Thursday, March 04, 2010

smart ideas review

My goals were to create interactive chumash lessons using the smart board, specifically a mapping software called Smart Ideas. In the past I created powerpoint presentations for my classes but I found that I was doing all the work and my students were just passive. They knew that the next slide would reveal the answer or the next idea and therefore they did not become active learners.
I am grateful to have been given the opportunity by the Avi Chai grant to work on changing how my students learn. A little more than half the year has gone by and it is therefore an opportune time to review my successes and challenges so far.
Getting Hebrew to work has been quite a challenge.
Here’s what I wrote in my own progress records dated July 3rd:
What seems to work best all depends on the program‐
For Smartideas‐ no nikkud. I can use machon mamre with out nikkud for the tanach. For mepharshim Daat.ac.il has many mephorshim available without nikkud nicely broken up or bar ilan as one larger unit.
For smartnotebook. I’m finding that even without nikkud the text order gets all scrambled because of the punctuation. I downloaded an rtf version of the tanach with nikkud and this is working much better so far in notebook.
I was frustrated that Hebrew text could not be manipulated as I would have liked. In Smart Notebook the software often views it as a picture and not a font. In smart ideas when one tries to manipulate and separate text‐ the order of the text can become gibberish (this also occurs with Smart Notebook even when using RTF formatted text.) I felt like I reached a brick wall and would not be able to create the types of interactive lessons I wanted to create.
Once I was able to figure out how to use Hebrew best in each program and accept each program’s limitations I began making smart notebook and smart ideas lessons. I had to create the divisions myself since the students would not be able to divide the text effectively using these programs in class.
In the beginning I made more notebook lessons but I found that again the students were less involved in the process of learning. As the year progressed I have been making about one smart ideas lesson for every other lesson. I didn’t want to use technology just to use technology and I didn’t want the students to get bored with it either. I think I created a nice balance. I have been using smart ideas to introduce a unit/ chapter – where in class we divide the text together. I also find that smart ideas is a great review tool – it helps students express ideas in their own words, categorize what we have learned and visualize the material.
The best feedback from my work with smart ideas comes from my students. My honors tracks down to my lower track love the smart ideas lessons. They don’t space out at all‐ they will either offer answers from their seats or I call on one or students to come up to the board and computer and fill in the chart themselves. The students always come over to me after a smart ideas lesson and tell me how much they loved what we learned.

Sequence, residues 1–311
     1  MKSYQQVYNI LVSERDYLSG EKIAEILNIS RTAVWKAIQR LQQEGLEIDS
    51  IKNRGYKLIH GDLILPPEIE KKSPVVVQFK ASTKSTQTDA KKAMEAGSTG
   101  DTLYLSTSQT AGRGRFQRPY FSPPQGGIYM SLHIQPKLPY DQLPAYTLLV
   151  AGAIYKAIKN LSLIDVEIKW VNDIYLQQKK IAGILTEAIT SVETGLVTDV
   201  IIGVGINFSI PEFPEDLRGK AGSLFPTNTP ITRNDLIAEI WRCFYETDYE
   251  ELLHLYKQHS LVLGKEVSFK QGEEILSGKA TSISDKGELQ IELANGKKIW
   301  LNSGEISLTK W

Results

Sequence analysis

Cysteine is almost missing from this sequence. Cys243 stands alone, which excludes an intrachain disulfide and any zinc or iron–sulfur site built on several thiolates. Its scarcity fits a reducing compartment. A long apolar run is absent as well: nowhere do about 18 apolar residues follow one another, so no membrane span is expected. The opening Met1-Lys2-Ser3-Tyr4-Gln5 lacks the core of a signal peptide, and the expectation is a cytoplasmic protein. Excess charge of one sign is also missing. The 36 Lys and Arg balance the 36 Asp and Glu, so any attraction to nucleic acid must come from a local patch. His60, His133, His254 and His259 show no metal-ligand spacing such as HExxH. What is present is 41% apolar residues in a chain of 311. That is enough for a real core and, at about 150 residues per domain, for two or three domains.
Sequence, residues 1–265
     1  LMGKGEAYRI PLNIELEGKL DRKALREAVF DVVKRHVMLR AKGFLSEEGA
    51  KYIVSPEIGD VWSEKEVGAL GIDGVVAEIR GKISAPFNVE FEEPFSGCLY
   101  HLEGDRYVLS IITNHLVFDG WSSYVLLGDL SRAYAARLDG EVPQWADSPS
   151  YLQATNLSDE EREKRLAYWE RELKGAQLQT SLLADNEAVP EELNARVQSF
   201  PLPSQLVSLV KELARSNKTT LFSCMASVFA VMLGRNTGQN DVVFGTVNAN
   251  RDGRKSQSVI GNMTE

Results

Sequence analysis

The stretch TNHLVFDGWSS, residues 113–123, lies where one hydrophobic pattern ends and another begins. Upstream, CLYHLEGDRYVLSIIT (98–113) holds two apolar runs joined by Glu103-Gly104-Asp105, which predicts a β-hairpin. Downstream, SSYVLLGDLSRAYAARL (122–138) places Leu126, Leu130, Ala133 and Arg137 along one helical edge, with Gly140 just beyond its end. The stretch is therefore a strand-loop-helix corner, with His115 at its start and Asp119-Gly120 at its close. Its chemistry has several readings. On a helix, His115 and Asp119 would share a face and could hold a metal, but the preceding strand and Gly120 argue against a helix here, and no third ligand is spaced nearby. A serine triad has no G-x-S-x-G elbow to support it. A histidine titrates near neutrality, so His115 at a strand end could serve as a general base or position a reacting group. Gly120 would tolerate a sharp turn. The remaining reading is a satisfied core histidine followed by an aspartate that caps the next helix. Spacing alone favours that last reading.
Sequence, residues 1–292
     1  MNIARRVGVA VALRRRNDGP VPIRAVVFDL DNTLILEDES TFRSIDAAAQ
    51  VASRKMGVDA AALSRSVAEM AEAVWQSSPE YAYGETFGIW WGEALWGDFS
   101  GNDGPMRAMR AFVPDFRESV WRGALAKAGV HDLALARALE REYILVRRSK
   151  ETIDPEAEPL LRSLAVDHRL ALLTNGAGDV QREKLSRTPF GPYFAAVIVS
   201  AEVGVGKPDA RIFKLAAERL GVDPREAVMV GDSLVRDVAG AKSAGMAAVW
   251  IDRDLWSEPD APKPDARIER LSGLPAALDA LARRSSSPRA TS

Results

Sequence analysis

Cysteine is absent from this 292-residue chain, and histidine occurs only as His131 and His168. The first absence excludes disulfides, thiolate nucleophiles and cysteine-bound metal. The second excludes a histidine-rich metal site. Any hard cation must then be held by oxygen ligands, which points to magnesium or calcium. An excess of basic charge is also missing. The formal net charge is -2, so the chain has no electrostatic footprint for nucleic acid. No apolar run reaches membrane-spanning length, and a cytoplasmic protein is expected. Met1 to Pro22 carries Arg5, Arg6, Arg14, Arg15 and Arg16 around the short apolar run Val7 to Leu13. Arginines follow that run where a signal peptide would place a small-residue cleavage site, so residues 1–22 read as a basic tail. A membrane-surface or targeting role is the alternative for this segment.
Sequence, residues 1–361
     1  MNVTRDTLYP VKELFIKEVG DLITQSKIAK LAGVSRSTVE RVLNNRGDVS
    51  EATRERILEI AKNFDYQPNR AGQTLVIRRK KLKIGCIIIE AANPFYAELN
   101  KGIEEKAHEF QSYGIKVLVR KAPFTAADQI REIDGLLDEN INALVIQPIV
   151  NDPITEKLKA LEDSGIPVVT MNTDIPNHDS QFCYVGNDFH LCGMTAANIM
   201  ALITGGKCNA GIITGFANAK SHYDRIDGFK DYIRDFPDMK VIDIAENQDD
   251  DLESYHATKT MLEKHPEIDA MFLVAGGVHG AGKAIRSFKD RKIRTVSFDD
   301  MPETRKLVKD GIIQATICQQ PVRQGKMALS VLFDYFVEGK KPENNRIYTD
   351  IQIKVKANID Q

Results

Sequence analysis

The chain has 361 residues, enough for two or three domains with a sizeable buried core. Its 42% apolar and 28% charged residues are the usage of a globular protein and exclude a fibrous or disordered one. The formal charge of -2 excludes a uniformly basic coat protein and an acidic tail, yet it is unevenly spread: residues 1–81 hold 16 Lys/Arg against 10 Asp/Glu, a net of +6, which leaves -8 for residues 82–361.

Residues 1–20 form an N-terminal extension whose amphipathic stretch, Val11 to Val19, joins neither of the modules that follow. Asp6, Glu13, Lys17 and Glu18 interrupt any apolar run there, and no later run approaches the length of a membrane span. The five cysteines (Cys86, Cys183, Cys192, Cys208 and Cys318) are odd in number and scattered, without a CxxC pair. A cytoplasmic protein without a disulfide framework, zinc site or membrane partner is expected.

In terms of time management this program is a huge success. 1. The technology is easy to use in class. I create the template and usually my own model at home. In class I use the software to accompany my lesson. We come back to it and add to it several times during the class. It does not take the place of frontal teaching but it serves as a great visual aid and collaborate learning experience. Once I mastered how to use smart ideas I can effectively make charts quicker than drawing them myself on the board. Smart ideas is a wow program but doesn’t distract the students or have technological setbacks that detracts from the overall learning atmosphere.
2. I find that lessons that would have taken at least a week to teach‐ now take less time with this software. It very time consuming showing kids a chiasmus structure or demonstrating the key themes of several chapters at once‐ but when using smart ideas and teaching them visually the students comprehend much easier.
Another great feature with smart ideas – is aesthetics. The smart ideas lessons come out looking amazing. This may sound trivial after the more substantive benefits I discussed above, but appearance are important. I have some students who put so much effort into color coding their notes. These student especially love the beauty of our smart ideas lessons. They can’t wait to print out our latest creation and add it to their notebooks. When they review these lesson weeks later for the test the information is easy to remember since the charts are clear and organized beautifully. It’s a great synthesis of function and beauty

Coming soon samples of my smart ideas lessons

No comments: